Hayward, Charles. Diary.  May 11, 1862. (PA)

Hayward wrote that he was appointed by Mr. Cridge to teach one “Sabbath School” class made up of “… 6 or 8 very intelligent boys, three of them natives of Africa …”

Pilton, J. Negro Settlement in British Columbia 1858 – 1871.  op. cit. , pp. 39, 40, 44, 52, 53, 187.

Pilton reports that the newly arrived Blacks held a service of worship soon after landing.  The next day they were visited by Cridge who invited them to attend his church after he learned that the Blacks did not wish to establish a separate Black church.  Pilton also notes that some of the Blacks would not attend the theatre because they were church members. Many Blacks brought letters of introduction from their California ministers and Black children went to Cridge’s Sunday School.  Pilton notes that half of the church-attending population were Black.


From the information given in the sources cited, it would appear that in contrast to Victoria, Blacks and whites on Saltspring worshipped together without any suggestion of segregation.  One exception to this was noted by Re. Robinson who mentions a woman who did not wish to attend services with Blacks.  The spiritual needs of early Saltspring Island settlers were taken care of by several visiting ministers – Rev. Ebenezer Robson, Rev. Thomas Crosby, Rev. Edward White and Rev. W.S. Reece.

Books and Articles

Kilian, C.  Go Do Some Great Thing.  op. cit. , 1st edition p. 103.


Pilton, J. Negro Settlement in British Columbia 1858 – 1871.  op. cit. , pp. 136, 204.

Robson, E. Diaries, February 21, 1861.



The sources cited note that Charles Alexander helped to organize and build the interracial Methodist church in Shady Creek in Saanich and that he also acted as a local preacher in this church.

Books and Articles

Glover, George. History of the United Church: North and South Saanich Archives.  op. cit. , p. 4.

Kilian, C.  Go Do Some Great Thing.  op. cit.  1st edition p. 150-151; 2nd edition p. 128.

Virgin, V. History of North and South Saanich Pioneers and District.  op. cit. , pp. 46, 56.

Winks, R.  The Blacks in Canada.  op. cit. , p.. 277


Colonist, May 13, 1973, p. 4. “The Alexander Story” by Margaret Belford.




Colonist, May 13, 1973, p. 4. “The Alexander Story” by Margaret Belford

This article reports that Harold Alexander, son of Frederick Alexander, attended the Metropolitan United Church, where his mother, Mary Louise Alexander, sang in the choir.  They are both described as being deeply religious and musical.



Sun, October 21, 1972.

It is noted that Jacob Alexander, son of Charles Alexander, was a “self-styled missionary” and founded the Methodist Metropolitan Church in Victoria.


Burgon Bickersteth, an Anglican clergyman, described Baker as being “possessed of a highly developed religious vein”.  Baker wanted to start a Bible class so Bickersteth brought him some Bibles and Bible study papers when he visited Baker in Tete Jaune Cache in 1912.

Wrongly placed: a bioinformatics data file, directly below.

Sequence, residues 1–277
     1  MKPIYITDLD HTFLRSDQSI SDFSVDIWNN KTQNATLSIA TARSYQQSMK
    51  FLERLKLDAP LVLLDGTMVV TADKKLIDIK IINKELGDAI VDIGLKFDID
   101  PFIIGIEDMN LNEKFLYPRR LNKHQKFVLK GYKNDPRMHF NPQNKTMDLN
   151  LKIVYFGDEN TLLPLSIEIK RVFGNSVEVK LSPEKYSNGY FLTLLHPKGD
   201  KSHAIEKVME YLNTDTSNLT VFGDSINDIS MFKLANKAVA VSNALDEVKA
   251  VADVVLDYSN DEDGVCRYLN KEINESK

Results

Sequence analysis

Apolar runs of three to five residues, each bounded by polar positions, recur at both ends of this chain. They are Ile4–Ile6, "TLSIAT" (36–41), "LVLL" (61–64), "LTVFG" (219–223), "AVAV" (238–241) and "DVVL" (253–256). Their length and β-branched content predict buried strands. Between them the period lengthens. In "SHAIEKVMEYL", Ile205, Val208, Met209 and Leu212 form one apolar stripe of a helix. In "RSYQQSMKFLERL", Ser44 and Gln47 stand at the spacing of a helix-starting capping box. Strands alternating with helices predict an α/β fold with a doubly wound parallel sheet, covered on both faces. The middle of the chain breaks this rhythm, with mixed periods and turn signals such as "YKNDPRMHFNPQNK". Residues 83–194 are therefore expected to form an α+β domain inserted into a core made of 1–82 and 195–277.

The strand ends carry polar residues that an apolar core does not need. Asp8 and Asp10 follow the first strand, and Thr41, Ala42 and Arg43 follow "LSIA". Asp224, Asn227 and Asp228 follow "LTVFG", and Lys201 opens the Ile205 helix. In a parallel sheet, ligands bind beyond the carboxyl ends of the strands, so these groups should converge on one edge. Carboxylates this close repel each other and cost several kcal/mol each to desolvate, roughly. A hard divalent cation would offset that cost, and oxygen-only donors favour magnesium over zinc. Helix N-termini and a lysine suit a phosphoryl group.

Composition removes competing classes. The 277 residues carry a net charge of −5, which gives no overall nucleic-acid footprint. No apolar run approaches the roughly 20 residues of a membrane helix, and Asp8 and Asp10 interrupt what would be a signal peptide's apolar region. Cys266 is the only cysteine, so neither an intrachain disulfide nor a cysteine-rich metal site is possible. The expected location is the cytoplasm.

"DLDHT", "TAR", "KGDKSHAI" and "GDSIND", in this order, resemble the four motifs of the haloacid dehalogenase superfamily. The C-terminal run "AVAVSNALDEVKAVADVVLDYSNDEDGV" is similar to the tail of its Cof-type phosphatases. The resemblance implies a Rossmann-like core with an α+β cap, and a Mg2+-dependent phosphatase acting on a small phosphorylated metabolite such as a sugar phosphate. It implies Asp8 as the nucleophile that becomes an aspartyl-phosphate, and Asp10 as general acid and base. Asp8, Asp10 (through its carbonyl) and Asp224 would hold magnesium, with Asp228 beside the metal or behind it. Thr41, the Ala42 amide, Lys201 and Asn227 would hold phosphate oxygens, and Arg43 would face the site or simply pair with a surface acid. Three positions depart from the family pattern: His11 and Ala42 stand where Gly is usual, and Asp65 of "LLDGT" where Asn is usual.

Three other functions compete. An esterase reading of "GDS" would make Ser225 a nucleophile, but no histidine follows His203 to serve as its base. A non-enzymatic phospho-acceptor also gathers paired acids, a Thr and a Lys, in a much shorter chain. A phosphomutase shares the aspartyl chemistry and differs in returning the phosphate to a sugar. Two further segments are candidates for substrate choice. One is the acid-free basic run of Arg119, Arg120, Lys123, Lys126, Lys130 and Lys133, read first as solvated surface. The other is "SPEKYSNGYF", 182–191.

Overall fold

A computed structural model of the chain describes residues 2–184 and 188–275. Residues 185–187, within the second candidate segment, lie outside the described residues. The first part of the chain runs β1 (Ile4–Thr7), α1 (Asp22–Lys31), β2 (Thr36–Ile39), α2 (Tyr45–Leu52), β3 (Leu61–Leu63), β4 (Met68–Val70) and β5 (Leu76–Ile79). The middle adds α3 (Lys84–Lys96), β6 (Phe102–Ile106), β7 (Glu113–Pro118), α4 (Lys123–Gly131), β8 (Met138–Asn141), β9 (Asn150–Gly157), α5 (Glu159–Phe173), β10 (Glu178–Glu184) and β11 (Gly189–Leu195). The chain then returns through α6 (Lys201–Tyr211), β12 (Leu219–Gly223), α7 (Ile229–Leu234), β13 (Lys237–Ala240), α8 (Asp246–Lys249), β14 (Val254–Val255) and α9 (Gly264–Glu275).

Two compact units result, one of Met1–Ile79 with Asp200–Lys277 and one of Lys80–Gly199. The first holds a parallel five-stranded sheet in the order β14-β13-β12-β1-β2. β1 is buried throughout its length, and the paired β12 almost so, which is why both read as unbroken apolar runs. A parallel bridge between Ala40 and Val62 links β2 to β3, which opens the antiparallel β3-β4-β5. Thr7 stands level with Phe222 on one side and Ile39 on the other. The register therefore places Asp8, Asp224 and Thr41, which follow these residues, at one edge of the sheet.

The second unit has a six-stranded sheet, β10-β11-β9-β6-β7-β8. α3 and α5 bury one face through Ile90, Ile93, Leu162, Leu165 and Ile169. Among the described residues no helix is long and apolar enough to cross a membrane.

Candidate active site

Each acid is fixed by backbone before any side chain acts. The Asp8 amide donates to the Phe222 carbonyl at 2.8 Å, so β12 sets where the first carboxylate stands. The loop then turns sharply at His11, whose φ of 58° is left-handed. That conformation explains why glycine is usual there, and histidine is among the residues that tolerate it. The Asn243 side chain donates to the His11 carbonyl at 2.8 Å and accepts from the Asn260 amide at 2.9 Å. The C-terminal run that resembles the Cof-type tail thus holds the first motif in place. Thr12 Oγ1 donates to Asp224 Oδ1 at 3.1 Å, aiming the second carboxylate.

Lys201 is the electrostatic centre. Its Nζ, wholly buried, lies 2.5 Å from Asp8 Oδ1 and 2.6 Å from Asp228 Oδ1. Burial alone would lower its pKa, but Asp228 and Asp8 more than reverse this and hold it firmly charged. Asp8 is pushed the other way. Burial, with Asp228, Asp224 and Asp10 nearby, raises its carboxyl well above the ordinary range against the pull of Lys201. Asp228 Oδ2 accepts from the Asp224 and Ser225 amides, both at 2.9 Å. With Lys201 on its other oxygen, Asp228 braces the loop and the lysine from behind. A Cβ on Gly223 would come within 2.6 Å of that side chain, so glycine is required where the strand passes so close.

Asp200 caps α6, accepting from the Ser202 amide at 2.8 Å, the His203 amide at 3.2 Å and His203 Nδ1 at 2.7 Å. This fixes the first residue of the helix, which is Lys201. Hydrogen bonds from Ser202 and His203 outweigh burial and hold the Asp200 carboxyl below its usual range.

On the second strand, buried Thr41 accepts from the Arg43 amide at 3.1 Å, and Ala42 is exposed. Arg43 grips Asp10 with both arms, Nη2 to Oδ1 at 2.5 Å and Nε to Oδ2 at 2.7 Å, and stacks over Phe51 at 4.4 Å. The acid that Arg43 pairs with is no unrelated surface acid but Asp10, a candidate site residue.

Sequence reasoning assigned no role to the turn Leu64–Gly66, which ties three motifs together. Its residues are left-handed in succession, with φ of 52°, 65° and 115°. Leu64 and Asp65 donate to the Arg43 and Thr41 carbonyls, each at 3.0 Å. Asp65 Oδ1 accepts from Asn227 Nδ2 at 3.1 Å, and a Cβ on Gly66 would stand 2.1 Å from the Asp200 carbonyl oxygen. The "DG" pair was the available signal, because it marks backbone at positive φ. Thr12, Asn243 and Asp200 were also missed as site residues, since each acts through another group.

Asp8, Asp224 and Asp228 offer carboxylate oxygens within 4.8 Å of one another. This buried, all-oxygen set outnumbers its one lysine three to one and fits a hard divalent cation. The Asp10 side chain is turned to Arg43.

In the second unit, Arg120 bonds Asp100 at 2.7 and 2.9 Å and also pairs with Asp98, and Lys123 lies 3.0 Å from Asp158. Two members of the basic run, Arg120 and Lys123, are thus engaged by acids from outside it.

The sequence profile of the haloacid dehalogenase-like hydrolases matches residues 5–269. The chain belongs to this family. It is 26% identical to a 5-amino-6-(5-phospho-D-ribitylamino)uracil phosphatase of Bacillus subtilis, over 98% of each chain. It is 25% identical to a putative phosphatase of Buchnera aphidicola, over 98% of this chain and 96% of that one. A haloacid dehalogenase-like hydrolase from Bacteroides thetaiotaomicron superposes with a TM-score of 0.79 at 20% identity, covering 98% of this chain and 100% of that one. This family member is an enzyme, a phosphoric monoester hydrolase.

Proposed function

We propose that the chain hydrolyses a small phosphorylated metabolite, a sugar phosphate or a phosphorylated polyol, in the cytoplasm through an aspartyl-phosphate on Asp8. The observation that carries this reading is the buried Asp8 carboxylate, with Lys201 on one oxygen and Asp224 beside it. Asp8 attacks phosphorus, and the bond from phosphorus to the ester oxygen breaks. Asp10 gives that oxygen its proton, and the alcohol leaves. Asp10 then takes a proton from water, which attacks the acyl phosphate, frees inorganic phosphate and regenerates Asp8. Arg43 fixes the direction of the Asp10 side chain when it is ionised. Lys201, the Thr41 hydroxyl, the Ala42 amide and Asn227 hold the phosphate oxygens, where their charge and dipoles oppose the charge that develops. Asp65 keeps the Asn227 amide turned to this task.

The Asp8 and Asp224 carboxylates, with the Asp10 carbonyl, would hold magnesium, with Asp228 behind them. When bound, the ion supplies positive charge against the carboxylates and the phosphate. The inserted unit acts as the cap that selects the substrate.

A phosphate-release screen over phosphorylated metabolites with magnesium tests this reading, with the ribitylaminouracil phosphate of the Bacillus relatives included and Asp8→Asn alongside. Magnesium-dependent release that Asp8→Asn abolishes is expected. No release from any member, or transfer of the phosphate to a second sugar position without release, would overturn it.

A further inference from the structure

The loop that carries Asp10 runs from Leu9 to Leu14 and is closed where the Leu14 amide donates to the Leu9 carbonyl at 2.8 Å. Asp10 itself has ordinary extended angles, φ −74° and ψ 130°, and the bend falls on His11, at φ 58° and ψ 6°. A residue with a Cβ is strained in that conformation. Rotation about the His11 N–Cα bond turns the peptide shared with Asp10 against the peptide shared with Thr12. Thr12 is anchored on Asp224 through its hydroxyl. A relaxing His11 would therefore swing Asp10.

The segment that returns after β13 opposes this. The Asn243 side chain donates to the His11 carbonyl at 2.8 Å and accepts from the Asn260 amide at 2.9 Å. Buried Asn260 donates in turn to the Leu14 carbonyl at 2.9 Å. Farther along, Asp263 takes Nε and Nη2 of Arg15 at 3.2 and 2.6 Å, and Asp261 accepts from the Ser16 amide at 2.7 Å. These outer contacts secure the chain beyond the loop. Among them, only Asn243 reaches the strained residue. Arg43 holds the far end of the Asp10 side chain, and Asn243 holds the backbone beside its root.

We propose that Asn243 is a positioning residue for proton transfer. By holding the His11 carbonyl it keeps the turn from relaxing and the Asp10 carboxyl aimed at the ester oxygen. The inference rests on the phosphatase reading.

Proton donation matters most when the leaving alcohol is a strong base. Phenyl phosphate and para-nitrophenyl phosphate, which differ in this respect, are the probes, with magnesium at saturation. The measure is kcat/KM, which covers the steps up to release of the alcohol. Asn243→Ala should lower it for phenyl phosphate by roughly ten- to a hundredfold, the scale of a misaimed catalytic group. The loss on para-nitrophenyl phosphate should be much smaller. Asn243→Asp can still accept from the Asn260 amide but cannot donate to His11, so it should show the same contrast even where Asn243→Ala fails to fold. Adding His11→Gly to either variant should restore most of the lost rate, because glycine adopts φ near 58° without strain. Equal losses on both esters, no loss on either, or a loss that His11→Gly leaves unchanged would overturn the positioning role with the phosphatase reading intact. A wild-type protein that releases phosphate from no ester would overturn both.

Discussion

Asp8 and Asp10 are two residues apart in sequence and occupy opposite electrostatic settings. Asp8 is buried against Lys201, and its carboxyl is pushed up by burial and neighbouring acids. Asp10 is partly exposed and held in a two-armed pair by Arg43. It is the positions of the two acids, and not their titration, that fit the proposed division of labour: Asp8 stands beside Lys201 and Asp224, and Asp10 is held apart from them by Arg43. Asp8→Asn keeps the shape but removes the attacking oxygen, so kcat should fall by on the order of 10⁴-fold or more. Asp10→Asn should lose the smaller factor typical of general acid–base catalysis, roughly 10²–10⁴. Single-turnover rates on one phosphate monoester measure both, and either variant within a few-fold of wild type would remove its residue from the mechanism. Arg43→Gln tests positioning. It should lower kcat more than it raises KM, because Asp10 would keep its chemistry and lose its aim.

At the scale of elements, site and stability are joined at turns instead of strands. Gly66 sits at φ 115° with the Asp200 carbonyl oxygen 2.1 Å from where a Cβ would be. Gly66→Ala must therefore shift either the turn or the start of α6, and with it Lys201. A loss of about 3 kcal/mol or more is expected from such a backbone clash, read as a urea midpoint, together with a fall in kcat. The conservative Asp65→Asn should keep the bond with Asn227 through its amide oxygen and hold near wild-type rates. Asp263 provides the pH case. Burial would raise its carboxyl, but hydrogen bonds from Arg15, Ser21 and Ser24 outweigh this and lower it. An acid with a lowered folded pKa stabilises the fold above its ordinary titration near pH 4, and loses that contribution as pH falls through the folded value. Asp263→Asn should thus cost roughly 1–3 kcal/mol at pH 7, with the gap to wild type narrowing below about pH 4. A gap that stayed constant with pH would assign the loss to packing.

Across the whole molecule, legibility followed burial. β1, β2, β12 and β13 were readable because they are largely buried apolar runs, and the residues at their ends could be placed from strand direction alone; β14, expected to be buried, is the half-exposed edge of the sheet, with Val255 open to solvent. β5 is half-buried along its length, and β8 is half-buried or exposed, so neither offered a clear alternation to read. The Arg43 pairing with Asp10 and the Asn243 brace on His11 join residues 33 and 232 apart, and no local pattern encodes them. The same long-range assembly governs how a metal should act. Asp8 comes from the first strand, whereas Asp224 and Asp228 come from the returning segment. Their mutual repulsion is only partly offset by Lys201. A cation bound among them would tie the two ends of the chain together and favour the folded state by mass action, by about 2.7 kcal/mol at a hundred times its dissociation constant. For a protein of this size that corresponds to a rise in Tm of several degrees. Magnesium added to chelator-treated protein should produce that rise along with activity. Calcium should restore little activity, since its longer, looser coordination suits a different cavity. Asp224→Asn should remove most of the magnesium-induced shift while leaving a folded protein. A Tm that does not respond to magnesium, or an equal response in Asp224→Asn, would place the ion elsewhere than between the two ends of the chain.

Books and Articles

Bickersteth, B.  The Land of the Open Doors: Being Letters from Western Canada.  Toronto: The Musson Book Co. Ltd., 1914, pp. 188-189. (PA)

Winks, R.  The Blacks in Canada.  op. cit., p. 277.




Colonist, June 24, 1978, p. 17. “Local Mormons to ordain Black”

This article announces that Tony Parkes will become the first Black ordained to the Mormon priesthood in Victoria on Sunday (June 25, 1978).  Mr. Parkes has been actively involved in the church in Victoria for eight years. It is also noted that although Blacks could be members of the church, until June 9, 1978, they were excluded from the priesthood in the Mormon faith.



Books and Articles

Kilian, C.  Go Do Some Great Thing.  op. cit.  1st edition p. 109; 2nd edition p. 92.

Kilian notes that William Robinson began to teach Sunday school on Salt Spring Island in 1861.



Several authors mention Sylvia Stark’s strong religious faith which helped her to endure the loneliness and hardships of pioneer life on Salt Spring Island and in Nanaimo.

Books and Articles

Gould, J.  Women of British Columbia. op.cit, , p. 67-72.

Kilian, C.  Go Do Some Great Thing.  op. cit. 1st edition p. 108;  2nd edition p. 91.


Pilton, J. Negro Settlement in British Columbia 1858 – 1871, op. cit. , p. 146.

Pilton provides biographical information about Sylvia Stark and the Stark family’s life on Salt Spring.

Robson, E.  Diaries. December 21, 1861.

Wallace, Maria A.  Sylvia Stark’s Story, op. cit. p. 21.



Josephine Sullivan was an active member of the Methodist Church and was known as “Gastown’s First Methodist”.

Books and Articles

Kilian, C.  Go Do Some Great Thing.  op.cit. , 1st edition p. 155.

Morley, A.  Vancouver, From Milltown to Metropolis.  op.cit. , pp. 49. ,



The articles cited describe some of the activities of Malinda Thone, an ordained African Methodist Episcopal Zion Church elder, who has resided in Vancouver since 1957.  She runs God’s Rescue Mission and Miracle Centre where clients can obtain food and clothing as well as counselling from Rev. Thorne.  She is frequently a guest preacher at United and Baptist churches on the Lower Mainland and has been described as “part preacher, part social worker, part counsellor”.


Province, August 7, 1972. “Malinda heading uptown but only for a short stand.”

Province, June 30, 1973, p. 12. “Malinda Sounds Uptown”.

Sun, September 26, 1970, p. 16. “Tiny Mission run by a woman with a large heart”.

Sun, September 25, 1971, p. 13.

Picture and brief caption

Sun, March 11, 1978, p. B5

“Malinda tosses a lifeline to any soul in need”.